On the last day of the trip we experienced for ourselves the challenges of travel on “The Devil’s Highway.” After only a couple hours walking we had enough. Migrants walk it for days. Our guide was one of the Samaritans, an interfaith volunteer group established in 2002 to be “a healing presence in the desert.” They do not assist people to cross the border; their purpose is to save lives and relieve suffering by providing humanitarian aide to those in distress. He told us that he recently found human remains on this trail, the skeleton almost entirely intact – not the first time. He called 911 and the authorities took it from there. He wanted to return to mark the spot where this child of God had died. With duct tape and two small branches, the students made a cross and planted it in the ground. Our guide draped a rosary over the cross, and placed next to it a picture of Our Lady of Guadalupe, an unlit candle, and a bottle of water. The custom is to leave water for the dead in the desert. Fr. Bob then led us in prayer for the repose of the soul of this child of God who died a horrific death, alone, unknown to all but to God. A little further down the trail we came upon a pair of pants, already beginning to disintegrate. A Mexican ID was still in the pocket. Our guide will turn it over to the Mexican Consulate who will try to locate the family. Another victim of the desert. Along the trail we saw backpacks, sneakers, baseball caps, articles of clothing – some left there long ago, others more recent – belongings of those who had passed that way or who had died there. When someone dies in the desert the extreme heat will cause the body to disintegrate in a matter of days, or the body is torn apart by the animals of the desert. Samaritans go out daily to look for migrants in distress and to leave food, water, and blankets along the trail for those passing by.
We spent an afternoon in court, witnessing “Operation Streamline” in action. This is an initiative of the Department of Homeland Security and the Department of Justice which began in 2005. It’s purpose is to establish “zero-tolerance” along the US-Mexico border. Annually, it’s estimated total cost is more than $170 million. Every Monday, some 80 migrants – “criminals”- are sentenced in this Tucson court. Some for first-time entry, others for re-entry. They are hand-cuffed and shackled. Men, women, and baby-faced boys. Mexicans and Central Americans. Their sentence is anywhere from 30-180 days in a US prison before being deported, and with a criminal record. We witnessed the sentencing of 79 migrants in 40 minutes. Their crime? A desperate need to provide food for themselves and their families. The judge later met with us. After a very heated 90-minute conversation, he ended the discussion by quoting Oliver Wendall Holmes who said that the law does not deliver justice. It is a policy that we agree upon. Justice requires sacrifice and pain. He urged us to take up the hard work of justice that requires changing the law.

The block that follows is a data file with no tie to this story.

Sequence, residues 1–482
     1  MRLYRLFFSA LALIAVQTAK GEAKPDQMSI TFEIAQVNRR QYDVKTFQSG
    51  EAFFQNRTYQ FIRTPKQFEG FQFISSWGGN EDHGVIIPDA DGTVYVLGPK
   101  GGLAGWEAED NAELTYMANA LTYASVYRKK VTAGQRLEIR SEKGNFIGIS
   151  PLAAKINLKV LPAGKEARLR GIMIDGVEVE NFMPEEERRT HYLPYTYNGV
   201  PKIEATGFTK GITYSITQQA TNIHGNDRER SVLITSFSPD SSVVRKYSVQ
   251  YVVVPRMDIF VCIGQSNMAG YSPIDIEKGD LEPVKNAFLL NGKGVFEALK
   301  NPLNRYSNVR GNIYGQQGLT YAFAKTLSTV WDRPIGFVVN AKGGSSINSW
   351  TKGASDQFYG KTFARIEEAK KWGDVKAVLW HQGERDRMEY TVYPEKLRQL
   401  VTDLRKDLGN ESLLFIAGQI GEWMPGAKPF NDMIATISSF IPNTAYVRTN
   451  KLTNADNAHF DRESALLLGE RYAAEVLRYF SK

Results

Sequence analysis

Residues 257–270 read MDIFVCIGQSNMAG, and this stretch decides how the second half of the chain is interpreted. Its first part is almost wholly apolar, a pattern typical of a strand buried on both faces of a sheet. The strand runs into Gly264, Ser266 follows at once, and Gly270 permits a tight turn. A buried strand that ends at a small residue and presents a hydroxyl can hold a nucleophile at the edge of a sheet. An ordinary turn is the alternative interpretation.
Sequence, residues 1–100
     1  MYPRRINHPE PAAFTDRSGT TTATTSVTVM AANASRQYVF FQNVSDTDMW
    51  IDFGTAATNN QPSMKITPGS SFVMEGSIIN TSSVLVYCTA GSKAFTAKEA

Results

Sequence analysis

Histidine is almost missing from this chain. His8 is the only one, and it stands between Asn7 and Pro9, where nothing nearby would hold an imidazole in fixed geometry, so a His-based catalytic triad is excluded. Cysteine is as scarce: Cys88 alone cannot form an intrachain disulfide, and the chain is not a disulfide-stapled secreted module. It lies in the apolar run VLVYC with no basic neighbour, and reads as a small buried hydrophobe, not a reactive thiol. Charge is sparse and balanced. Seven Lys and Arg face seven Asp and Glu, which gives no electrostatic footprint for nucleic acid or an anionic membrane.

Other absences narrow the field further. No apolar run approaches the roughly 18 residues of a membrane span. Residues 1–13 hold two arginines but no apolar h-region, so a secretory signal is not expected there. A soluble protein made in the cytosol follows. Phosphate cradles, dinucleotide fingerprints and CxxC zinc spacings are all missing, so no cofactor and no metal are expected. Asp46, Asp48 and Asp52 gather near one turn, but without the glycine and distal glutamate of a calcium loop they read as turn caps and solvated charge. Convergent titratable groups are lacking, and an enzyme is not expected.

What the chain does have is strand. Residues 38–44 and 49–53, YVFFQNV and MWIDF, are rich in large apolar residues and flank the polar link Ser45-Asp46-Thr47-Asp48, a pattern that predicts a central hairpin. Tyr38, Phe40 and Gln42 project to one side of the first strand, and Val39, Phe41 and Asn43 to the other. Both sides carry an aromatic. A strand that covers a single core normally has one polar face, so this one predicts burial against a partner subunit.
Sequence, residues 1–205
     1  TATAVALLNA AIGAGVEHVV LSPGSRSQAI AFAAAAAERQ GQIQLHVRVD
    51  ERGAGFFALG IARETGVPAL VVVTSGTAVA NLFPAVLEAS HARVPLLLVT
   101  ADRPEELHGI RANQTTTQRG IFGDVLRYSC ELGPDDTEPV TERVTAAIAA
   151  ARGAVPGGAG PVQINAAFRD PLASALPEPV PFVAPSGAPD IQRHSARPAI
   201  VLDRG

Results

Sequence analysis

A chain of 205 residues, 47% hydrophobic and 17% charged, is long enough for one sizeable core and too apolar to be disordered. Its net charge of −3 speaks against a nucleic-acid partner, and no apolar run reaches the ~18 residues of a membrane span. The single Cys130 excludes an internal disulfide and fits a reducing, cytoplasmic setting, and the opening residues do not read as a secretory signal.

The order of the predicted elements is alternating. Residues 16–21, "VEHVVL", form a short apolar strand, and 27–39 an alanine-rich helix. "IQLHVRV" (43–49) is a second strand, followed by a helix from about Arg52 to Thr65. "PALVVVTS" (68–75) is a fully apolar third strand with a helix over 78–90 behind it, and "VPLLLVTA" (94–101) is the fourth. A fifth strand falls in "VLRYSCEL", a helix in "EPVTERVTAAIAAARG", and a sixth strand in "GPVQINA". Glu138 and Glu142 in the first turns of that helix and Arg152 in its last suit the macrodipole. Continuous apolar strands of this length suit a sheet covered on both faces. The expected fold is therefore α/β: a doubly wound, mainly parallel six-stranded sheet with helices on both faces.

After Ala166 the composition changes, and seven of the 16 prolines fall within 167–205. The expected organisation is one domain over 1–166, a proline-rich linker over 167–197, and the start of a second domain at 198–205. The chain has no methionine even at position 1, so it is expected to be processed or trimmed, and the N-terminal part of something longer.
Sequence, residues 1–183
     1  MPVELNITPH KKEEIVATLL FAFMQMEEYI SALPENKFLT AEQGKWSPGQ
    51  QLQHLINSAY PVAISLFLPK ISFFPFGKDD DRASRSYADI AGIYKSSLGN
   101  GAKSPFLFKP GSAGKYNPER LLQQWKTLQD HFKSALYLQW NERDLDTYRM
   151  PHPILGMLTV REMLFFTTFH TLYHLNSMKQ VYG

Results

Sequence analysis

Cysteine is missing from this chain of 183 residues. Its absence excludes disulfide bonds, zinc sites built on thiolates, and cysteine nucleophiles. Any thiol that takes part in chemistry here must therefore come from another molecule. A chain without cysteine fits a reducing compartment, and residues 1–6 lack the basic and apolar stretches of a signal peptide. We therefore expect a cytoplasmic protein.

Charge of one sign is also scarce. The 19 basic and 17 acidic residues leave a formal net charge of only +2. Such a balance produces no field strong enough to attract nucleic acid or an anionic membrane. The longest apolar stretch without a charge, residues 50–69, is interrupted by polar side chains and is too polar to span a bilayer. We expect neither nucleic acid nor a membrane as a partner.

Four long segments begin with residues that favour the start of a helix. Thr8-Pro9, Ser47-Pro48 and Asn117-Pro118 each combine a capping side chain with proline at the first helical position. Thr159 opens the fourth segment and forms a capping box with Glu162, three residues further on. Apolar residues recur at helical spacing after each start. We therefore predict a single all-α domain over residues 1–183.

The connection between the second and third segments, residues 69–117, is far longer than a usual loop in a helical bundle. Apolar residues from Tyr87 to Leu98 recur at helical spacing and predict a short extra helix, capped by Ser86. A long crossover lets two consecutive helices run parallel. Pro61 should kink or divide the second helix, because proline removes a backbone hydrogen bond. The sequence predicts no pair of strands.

Immigration that is termed “illegal” is, without a doubt, a controversial issue. It is historical, political, and economic. As we met migrants, heard their stories, and saw their willingness to risk their lives, we realized that it is also deeply human. It is the story of desperate people seeking a better life for themselves and their children – people so desperate that they are willing to risk their lives in an unforgiving and unrelenting desert. Our Catholic Bishops are strongly united in a campaign for immigration reform. I don’t find it hard to know why. Our Church teaches that people have a right to a decent living in their own country, but when that is not possible, they also have a right to seek that living somewhere else, even when it means crossing borders. Together we make up the Body of Christ therefore we cannot ignore or forget the brother or sister traveling “The Devil’s Highway” today, as well as those living among us who traveled that road to get here. Every death in the desert leaves us all diminished and God calls us to respond. Perhaps a good way to start is to look deep into our own hearts and to tear down those walls that separate us from the brother or sister who is different, in whatever way, or in need. Our faith challenges us to continually cross borders, all sorts of borders, as we prepare to cross that great and final border that will bring us to our eternal home.